When reviewing proposed studies, the Human Subjects Protection Program (HSPP), in particular the Institutional Review Board component, works very closely with several other offices and committees that are not part of the HSPP. The interaction between the HSPP and these various departments or committees is described below. The descriptions are limited to this interaction and are not representative of the entire function of the department or committee. The IRB application directs the investigator as to when to contact these various departments or committees.
Stem Cell Research Oversight (SCRO) Committee: The University of Connecticut’s Stem Cell Research Oversight Committee (UC-SCRO) shall provide oversight of all ethical issues related to the derivation and research use of human stem cell lines at all schools, colleges, campuses, and research arms of the University of Connecticut regardless of the source of funding, and shall review all proposals submitted by University investigators for funds from the Connecticut Stem Cell Research Grant Project. The UC-SCRO committee will ensure that sensitive research is well-justified and that inappropriate research is not conducted. Review by the UC-SCRO Committee will supplement but not replace the usual reviews for compliance with federal, state, and local regulations (e.g. reviews by animal care committees, Institutional Review Boards, Biological Safety Committees, etc.).
Institutional Biosafety Committee: Investigators must obtain approval from the Institutional Biosafety Committee (IBC) prior to seeking IRB approval for research studies that deal with recombinant DNA. Investigators may contact Ron Wallace in the Office of Research Safety for additional information.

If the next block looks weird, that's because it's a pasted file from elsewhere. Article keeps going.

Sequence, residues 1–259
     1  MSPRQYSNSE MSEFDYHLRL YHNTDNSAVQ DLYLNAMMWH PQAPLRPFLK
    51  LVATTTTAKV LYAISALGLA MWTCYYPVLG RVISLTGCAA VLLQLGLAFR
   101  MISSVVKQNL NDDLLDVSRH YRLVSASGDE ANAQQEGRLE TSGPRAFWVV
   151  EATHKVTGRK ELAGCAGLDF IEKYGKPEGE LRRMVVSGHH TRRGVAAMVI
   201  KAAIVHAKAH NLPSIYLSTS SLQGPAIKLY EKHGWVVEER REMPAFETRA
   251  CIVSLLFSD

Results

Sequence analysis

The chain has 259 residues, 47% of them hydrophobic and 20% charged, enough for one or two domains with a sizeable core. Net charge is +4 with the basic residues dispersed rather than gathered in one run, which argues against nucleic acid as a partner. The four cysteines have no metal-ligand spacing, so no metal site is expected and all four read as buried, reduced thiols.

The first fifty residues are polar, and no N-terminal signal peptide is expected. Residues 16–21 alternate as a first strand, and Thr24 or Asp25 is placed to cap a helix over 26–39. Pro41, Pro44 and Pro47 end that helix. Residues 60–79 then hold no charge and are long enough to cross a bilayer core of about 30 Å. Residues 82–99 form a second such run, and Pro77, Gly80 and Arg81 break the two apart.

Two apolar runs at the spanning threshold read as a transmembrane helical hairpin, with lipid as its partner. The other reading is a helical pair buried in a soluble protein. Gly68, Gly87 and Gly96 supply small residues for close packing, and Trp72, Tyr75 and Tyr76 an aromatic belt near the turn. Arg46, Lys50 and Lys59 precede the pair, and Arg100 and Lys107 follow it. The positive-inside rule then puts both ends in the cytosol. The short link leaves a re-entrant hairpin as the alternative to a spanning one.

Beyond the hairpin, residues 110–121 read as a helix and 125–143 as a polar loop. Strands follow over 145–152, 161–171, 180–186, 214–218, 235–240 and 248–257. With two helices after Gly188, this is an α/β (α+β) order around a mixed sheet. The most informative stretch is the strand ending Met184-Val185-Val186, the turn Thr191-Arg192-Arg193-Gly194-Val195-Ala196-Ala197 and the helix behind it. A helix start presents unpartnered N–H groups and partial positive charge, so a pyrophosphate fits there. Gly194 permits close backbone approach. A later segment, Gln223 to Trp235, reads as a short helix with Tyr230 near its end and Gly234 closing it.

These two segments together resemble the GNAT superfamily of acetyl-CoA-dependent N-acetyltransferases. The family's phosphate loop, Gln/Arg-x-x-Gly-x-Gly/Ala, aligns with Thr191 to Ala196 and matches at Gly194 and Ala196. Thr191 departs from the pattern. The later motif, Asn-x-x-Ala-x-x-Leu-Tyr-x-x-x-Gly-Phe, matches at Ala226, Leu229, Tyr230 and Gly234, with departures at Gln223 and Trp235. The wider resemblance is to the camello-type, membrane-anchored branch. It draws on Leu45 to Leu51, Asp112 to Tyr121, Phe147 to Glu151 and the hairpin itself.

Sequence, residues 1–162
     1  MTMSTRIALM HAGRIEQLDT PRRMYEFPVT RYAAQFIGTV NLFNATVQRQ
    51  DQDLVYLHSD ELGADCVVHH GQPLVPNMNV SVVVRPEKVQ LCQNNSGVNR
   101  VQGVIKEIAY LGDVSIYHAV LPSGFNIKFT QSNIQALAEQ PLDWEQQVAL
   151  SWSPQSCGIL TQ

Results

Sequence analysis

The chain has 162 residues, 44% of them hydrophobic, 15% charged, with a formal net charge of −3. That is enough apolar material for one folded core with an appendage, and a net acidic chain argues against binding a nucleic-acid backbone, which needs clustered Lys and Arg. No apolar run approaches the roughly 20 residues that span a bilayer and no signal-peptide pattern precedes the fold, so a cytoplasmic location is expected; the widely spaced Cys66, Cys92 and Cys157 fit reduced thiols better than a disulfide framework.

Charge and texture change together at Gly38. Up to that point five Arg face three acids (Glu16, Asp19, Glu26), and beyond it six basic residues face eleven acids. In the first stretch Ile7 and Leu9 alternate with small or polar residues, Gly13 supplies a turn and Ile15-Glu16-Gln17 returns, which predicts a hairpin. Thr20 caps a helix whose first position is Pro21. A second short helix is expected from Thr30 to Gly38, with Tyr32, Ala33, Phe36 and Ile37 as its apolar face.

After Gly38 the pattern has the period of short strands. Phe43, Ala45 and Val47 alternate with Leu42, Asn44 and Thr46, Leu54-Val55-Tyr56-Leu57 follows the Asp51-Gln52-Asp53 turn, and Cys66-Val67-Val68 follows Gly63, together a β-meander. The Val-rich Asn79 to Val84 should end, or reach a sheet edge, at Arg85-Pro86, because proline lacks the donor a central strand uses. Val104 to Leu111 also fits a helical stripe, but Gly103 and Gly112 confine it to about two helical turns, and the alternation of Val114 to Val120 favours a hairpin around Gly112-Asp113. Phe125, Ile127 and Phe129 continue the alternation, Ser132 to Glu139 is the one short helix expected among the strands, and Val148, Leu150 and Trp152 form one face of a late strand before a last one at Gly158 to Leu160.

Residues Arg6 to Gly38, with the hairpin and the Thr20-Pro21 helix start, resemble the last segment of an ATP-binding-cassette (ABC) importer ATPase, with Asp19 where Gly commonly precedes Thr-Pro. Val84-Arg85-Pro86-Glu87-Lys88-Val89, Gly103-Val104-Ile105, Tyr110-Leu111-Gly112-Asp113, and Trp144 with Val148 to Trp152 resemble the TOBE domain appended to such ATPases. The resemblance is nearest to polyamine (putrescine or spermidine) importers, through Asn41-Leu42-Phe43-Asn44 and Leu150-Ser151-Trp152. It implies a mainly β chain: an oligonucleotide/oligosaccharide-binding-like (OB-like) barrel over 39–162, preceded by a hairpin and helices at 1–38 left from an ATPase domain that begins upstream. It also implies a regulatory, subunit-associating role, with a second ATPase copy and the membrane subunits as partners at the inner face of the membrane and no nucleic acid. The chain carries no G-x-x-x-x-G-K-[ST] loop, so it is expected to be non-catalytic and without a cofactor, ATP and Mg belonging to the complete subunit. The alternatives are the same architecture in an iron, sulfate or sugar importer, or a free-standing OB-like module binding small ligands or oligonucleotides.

Environmental Health and Safety: Investigators proposing a research study that will use ionizing radiation, non-ionizing radiation, biological material, or hazardous chemicals must obtain a Risk Assessment Report from the Office of Research Safety. Investigators may contact Steve Jacobs for additional information.
Office of Clinical and Translational Research: Investigators proposing a research study that is sponsored by an external source, typically an industry sponsor, must have a fully executed contract in place. When the sponsor is providing for subject injury, the IRB must receive the final contract prior to granting final IRB approval. Both the OCTR and the IRB will verify that language regarding subject injury is consistent between the consent form and the contract. for more information. Studies that will generate charges, whether sponsored or investigator originated, must also have an approved budget in place, confirmation that it is in process, or confirmation from the budget office that a budget workbook is not necessary. Investigators may contact Paul Hudobenko, Cherron Payne or Keith Gulick for more information.
Sponsored Program Services (SPS): Investigators proposing a study that is grant supported or funded by a private non-profit agency will need to route the proposal through the Office of the Vice President for Research, Sponsored Program Services. The IRB must review all funded grant applications. In general, federal grant applications will require IRB review once the determination is made that funding will occur. At such time investigators must submit a complete IRB application, in addition to the grant application, to the IRB. Non-federal grant applications typically require that IRB review occur prior to a funding decision having been made. Investigators may contact Paul Hudabenko for additional information.
Conflict of Interest Committee: On an annual basis all investigators are required to disclose financial interests in sponsors to the Conflict of Interest Committee (CIC). The CIC will determine if a conflict of interest exists. If so, the CIC may either prevent the investigator from doing research funded by that sponsor or institute a conflict of interest management plan. The management plan may require the investigator to disclose the financial interests to research subjects. The CIC provides the IRB with copies of such plans. Investigators must also disclose any conflicts of interest within each IRB application. This ensures 1) that any conflict of interest is being addressed in accordance with the management plan and 2) that any new conflicts that develop during the course of the year are addressed. Investigators are encouraged to become familiar with the individual financial conflict of interest in research policy (pdf). Investigators may contact Gus Fernandez in the Office of the Vice President for Research for additional information.